Take-Away: A recent Michigan Court of Appeals decision acts as a good reminder of how valuable a trust can be to prevent a commingling of a gift or an inheritance to avoid a family business falling into an ex-spouse’s hands. Had premarital stock owned by the husband, received from his father’s trust, continued to be held in that trust, the stock would not have been available to be divided with the husband’s former spouse.

Court Case: Sutariya v. Sutariya, Michigan Court of Appeals, No. 345115 (October 28, 2021)

Facts: This appellate decision was made after an earlier decision by it had returned the case to the divorce judge for further findings of fact and explanation why stock was awarded to a former spouse.

The husband held stock in Saturn Electronics. The husband had acquired the stock in Saturn before his marriage by way of his father’s trust. As such, the Saturn stock was initally determined to be the husband’s separate property. The husband’s  interest in the trust was valued at $3.0 million. However, the divorce judge awarded $1.0 million of the husband’s Saturn stock to the former wife. The case was sent back by the Court of Appeals for the trial judge to identify how the Saturn stock was valued and why the decision was made to award the ex-wife $1.0 million of the family company stock.

There was a second company that the husband also owned stock in, Chicago Circuit Board, that the divorce judge awarded one-half of to the former spouse. The divorce judge did not, however, place any value on that stock, which the husband had owned beginning in the late 1990’s, well before the parties’ 2008 marriage. So while the judge awarded half of the husband’s stock in Chicago Circuit Board to the ex-wife, the case was returned to the trial judge to explain why this asset, which was the husband’s premarital separate property, was treated as a marital asset and awarded in part to the former spouse.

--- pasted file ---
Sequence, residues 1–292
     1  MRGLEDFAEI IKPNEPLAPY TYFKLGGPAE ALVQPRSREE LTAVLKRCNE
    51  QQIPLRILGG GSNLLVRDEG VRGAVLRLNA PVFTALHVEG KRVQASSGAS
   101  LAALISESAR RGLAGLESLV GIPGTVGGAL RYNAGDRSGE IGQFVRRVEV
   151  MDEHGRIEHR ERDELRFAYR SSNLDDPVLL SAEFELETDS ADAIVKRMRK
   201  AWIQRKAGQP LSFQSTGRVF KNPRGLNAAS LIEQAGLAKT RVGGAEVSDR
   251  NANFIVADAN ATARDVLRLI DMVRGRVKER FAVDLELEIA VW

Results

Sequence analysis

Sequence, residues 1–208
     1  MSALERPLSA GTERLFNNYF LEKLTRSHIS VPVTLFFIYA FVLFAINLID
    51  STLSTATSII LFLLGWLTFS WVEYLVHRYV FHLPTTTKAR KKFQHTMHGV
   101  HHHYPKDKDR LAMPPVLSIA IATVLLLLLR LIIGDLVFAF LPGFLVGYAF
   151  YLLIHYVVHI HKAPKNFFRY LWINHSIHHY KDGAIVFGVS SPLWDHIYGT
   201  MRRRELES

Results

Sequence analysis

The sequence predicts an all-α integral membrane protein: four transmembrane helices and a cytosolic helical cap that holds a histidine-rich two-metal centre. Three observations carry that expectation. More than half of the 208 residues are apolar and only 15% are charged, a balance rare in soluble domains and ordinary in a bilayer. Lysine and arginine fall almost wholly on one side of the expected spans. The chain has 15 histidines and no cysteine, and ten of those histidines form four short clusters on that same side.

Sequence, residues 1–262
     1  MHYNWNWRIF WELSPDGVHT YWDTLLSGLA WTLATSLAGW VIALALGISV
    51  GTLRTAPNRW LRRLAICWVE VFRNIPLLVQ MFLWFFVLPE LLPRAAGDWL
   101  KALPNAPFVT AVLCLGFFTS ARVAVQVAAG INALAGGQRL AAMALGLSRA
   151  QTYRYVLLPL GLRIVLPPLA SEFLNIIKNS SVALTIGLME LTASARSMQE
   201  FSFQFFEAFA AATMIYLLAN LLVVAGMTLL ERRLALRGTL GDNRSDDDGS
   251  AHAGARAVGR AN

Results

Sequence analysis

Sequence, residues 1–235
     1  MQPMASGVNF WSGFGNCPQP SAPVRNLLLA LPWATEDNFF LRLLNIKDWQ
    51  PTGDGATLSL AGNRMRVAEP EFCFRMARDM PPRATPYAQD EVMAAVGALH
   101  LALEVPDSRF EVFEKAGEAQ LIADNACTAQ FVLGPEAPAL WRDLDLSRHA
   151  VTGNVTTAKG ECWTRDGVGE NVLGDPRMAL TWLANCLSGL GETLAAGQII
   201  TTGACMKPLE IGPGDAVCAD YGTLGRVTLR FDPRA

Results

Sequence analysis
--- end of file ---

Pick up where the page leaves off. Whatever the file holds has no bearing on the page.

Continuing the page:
Trial Judge: The trial judge, on remand from the Michigan Court of Appeals, explained why the Saturn stock was part of the marital estate and thus divided with the former spouse, awarding her one-third of its value. With regard to the Chicago Circuit Board stock, the trial judge reversed its original 50-50 division with the ex-wife, finding that the Chicago Circuit stock had been acquired by him about 10 years before the marriage and its involvement with it was minimal. The Chicago Circuit stock was thus classified as husband’s separate property and not part of the divisible marital estate.

Appeals Court: The Court found that the ex-wife’s direct and indirect contributions to the Saturn stock and its sustained value justified awarding the ex-wife one-third of the stock,  but it agreed to reverse the initial award of one-half of the Chicago Circuit stock to the former spouse.

  • Saturn stock: The Appeals Court affirmed the award of $1.0 million in Saturn stock to the husband’s ex-wife, even though it was his separate property which came to him by way of his father’s trust. Why the award of the Saturn stock to the ex-wife was sustained on appeal was identified by the Court:

The Court relied on a long-standing court decision, Hanaway v Hanaway (1994), where specific facts warranted a divorce judge ‘invading’ separate property, specifically a closely held family business interest, and awarding part of it to the former spouse. In Hanaway, divorce judges were directed to look at several factors with regard to ‘invading’ one spouse’s separate property which came to one spouse through gift or inheritance: (i) the source of the property; (ii) the parties’ contribution towards its acquisition, as well as to the general marital estate; (iii) the duration of the marriage; (iv) the needs and circumstances of the parties; (v) their ages, health, life status, and earning abilities; (vi) the cause of the divorce, as well as past relations and conduct between the parties; (vii) whether the separate property was commingled with marital property; and (viii) general principles of equity.

The facts which the trial judge relied upon to award the Saturn stock to the ex-wife were: (i) this was a 10-year marriage where the parties separated after 8 years; (ii) the husband acquired his shares of stock in Saturn in late 2014; (iii) both parties were under the age of 50; and (iv) the wife underwent treatment for breast cancer shortly after giving birth to the parties’ triplets.